Stream and Riparian Ecological System
The Stream and Riparian Ecological System in Rock Creek Park can be easily recognized by its position along streams. The low-lying areas it occupies are subject to temporary flooding or nearly constant saturation from groundwater.
Natural Communities in This Ecological System
At Rock Creek Park and throughout its range, the Stream and Riparian Ecological System typically is found along the narrow floodplains of small to medium-sized creeks or their tributaries.
Tip: to see ecological systems on the interactive map of Rock Creek Park, use Layers On/Off to switch the main data layer to Ecological Systems.
Images of This Ecological System
The Stream and Riparian Ecological System tends to be narrow because it develops on floodplains of small streams winding through mountainous or hilly terrain. By contrast, streams and rivers that flow through the sandy Coastal Plain would have broader floodplains because the land there is more level and more easily eroded.
Tucked among the hills such as those of northwestern Washington, D.C., this ecological system is located along the valley floor of Rock Creek and its tributaries, and it is quite narrow for the most part. It is at its widest along Rock Creek where it enters the District of Columbia from Maryland.
Where to See It in Rock Creek Park
Natural Processes That Maintain This System
Natural processes are responsible for maintaining the character of an ecological system.
Flooding and Erosion
Due to its location, the Stream and Riparian Ecological System is heavily influenced by flooding and erosion. Forests living on the floodplain are subject to flooding, but the frequency varies. Forests very near the stream banks may flood several times a year, while those farther away may flood only once every 100 years.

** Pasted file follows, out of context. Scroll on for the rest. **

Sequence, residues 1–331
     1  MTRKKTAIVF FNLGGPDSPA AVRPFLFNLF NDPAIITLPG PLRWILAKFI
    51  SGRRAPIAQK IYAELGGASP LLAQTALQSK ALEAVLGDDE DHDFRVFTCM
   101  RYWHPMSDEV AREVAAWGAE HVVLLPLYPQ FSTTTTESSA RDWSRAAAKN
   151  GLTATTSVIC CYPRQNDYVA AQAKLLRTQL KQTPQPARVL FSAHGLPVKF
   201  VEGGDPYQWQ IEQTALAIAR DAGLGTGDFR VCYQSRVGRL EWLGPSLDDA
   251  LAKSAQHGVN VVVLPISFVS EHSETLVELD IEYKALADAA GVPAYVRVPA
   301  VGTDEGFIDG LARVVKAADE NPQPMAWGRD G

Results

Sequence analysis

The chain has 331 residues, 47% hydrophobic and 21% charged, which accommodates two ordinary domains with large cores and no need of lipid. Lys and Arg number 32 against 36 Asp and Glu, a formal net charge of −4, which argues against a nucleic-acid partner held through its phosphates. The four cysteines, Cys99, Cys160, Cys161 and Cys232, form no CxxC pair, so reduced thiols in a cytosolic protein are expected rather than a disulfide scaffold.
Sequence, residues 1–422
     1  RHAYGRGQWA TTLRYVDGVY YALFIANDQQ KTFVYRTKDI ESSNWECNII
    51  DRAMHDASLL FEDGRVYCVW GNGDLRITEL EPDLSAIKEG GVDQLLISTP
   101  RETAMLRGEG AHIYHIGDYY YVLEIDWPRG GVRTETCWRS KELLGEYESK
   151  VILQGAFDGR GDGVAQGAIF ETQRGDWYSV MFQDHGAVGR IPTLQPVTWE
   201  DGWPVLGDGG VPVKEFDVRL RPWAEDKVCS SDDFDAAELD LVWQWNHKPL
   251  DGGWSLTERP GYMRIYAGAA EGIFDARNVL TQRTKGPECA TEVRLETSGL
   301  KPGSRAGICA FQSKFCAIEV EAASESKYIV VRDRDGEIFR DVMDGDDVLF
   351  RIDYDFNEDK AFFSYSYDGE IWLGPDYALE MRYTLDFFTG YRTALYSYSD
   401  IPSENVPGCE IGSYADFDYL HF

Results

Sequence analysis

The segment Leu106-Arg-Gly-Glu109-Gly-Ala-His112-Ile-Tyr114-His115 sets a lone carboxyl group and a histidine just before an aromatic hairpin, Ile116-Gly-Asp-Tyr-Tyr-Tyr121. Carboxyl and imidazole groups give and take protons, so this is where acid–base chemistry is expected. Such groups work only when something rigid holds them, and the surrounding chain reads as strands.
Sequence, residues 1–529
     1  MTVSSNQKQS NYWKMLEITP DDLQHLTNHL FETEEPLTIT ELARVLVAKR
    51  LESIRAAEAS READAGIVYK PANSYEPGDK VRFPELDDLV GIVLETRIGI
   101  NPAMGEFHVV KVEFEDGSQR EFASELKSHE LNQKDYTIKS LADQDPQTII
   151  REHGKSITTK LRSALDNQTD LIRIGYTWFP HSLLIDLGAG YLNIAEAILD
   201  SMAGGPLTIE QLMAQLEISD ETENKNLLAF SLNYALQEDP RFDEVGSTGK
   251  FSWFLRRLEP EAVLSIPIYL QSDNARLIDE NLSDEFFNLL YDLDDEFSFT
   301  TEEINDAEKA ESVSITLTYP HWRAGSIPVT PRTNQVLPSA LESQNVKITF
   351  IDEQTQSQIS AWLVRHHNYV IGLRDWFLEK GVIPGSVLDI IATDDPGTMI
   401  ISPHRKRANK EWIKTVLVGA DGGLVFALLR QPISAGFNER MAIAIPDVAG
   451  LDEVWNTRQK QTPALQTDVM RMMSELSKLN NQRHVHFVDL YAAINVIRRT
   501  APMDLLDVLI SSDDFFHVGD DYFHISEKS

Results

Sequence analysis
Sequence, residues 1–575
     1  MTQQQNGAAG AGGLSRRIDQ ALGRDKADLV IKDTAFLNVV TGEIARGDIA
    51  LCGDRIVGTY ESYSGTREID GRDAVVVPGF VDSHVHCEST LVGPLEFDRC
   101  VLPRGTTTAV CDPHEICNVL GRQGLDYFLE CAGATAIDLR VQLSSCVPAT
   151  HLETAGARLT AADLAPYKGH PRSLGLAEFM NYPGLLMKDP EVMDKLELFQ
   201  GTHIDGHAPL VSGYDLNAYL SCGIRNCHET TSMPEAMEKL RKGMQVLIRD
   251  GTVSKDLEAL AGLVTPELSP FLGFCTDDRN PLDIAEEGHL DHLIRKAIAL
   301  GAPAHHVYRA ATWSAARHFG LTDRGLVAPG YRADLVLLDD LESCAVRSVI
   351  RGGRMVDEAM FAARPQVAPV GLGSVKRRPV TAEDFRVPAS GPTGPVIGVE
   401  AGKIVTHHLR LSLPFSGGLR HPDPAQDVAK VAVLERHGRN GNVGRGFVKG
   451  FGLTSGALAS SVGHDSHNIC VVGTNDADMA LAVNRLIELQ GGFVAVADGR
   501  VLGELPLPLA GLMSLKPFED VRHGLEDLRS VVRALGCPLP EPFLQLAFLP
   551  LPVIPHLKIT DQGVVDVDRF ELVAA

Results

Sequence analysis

Some sites in this ecological system are saturated or even submerged by groundwater. Especially in late fall, groundwater can pool in low-lying and poorly drained areas. In summer, tree roots suck up water and leaves give off water vapor, essentially pumping water from the soil into the atmosphere. After autumn leaf-fall, trees suspend their water-pumping function, and groundwater may pool on the surface.
Floodplains are places where water can travel from groundwater to surface water or vice versa. When floodplain soils are not saturated, water can percolate down through them to help replenish the water table—a process known as groundwater recharge. On the other hand, in the process known as groundwater discharge, groundwater from higher elevations can also make its way slowly down through pores in underground rock until it reaches the floodplain, where it may come to the surface as a spring or simply pool on the surface as it does in the Red Maple Seepage Swamp, where it typically keeps the ground saturated for most of the year.
Ecological Threats to This System